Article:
There are times a writer builds an entire story out of one glimpse of someone in a car, in a grocery store, at the park, in a hospital bed.  Try these pictures.

writing prompts, creating character, senses, writing craft, how to write, story ideas
Are they brothers?  Step brothers?  Foster brothers?  Best friends?  Cousins? Have they known each other since high school, since childhood?  Did they just meet 24 hours ago and decide to go somewhere together?

Names?  Based on the clothes they're wearing and the car they're driving, what kind of work do you think they do?

Where are they heading?  Somewhere local--the beach, running errands, to work?  Or are they on a long-distance drive--to Los Angeles to make it big? (In acting, in singing, in script-writing?)  Are they driving from Maine to Southern California (of from Southern California to Maine?) to the funeral of a grandmother they both hated?  Or back to visit the orphanage in which they grew up together?

Why are two relatively young men driving a minivan?  Maybe they're not two single young men.  Maybe between them they have 9 or 10 children and this is their one day free of the factory jobs--or their law practice--where they work to support those kids.  Or maybe they're heading to the store to buy a whole slew of new bikes for all those kids.  

Or maybe they're going to pick up bikes to donate to needy kids.  Maybe they just hit it rich with a brand new invention that took the world by storm and want to help others--maybe because they grew up in an orphanage in Maine.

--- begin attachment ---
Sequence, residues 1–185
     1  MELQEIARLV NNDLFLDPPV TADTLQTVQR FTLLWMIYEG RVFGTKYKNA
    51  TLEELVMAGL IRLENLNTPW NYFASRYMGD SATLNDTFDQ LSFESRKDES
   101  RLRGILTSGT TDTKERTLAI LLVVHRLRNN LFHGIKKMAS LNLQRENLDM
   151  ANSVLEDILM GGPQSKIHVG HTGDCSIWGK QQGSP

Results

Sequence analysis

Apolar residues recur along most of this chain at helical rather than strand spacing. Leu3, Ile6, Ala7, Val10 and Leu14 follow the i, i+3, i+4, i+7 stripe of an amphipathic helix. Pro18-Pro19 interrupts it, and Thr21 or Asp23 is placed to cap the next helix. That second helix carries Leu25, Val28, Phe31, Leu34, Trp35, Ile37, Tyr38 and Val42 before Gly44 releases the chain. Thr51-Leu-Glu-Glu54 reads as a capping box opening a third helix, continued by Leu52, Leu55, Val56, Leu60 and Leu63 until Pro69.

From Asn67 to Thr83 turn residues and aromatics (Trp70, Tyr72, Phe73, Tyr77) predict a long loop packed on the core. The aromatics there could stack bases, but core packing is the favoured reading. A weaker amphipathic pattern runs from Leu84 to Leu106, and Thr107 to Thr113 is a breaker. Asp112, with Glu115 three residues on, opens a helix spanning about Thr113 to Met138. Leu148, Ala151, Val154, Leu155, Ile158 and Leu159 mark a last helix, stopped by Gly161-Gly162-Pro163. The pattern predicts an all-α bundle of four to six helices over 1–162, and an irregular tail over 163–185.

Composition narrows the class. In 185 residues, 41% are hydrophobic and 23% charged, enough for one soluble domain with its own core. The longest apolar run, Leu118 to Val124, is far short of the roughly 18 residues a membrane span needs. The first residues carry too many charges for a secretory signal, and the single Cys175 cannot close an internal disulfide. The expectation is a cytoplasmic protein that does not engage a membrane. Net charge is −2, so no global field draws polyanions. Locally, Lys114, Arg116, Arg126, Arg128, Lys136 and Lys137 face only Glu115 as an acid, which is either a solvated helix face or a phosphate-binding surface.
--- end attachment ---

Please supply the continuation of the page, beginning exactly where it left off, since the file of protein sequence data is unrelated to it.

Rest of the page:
Maybe it's not their car.  Maybe it's stolen.  Or maybe they care for an elderly man (a relative?  as a job?) and they're on the way home from visiting him at the hospital where he's having a heart transplant.  Maybe they're helping a friend move and returning for the next load.

Are they singing?  Or screaming at an on-coming truck?  What hand gestures would make you think they might be singing?  What music do these two listen to?  60s?  70s? 80s?  Can you, in your wildest imagination, image that they're listening to Cat Stevens sing Morning Has Broken right now?  Why or why not?  Glenn Miller's String of Pearls?  Hmmmmm...that's a stretch!  But hey, maybe they really get into swing.  Maybe this is their own unique rendition of Glenn Miller that would accommodate the type of singing they appear to be doing, and that's why they're headed to Los Angeles to try to sell their new take on the big band music of the 30s and 40s!

Don't forget the senses of smell.  What does it smell like in this car?  Expensive cologne (hey, they just hit it big with a new invetion, remember!)  Or French fries (they're helping a friend move, haven't had time for more than a drive-through.)  Or bike grease?

And there we go!  A full blown novel from one picture.  I was going to do three or four pictures--of two old men in a car, of a family in a car, and so on.  But it seems there's more than enough here from just one picture.

Purely as a sidenote, I went to Barbaric Yawp last night--an open mic poetry reading that happens the fourth Sunday (usually the fourth) of every month.  I read two paragraphs from Blue Bells of Scotland (where the gypsy is dancing as Shawn plays the sackbut), Mea Culpa (a poem written by the host, Christopher Title, in which he expresses regret, but not quite, for failing to save a rabbit from a cat--in fact, he got rather hungry and had a sandwich!), and two poems of my own.

Thanks to Jen Walls for taking photographs of everyone!


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Saturday, November 26, 2016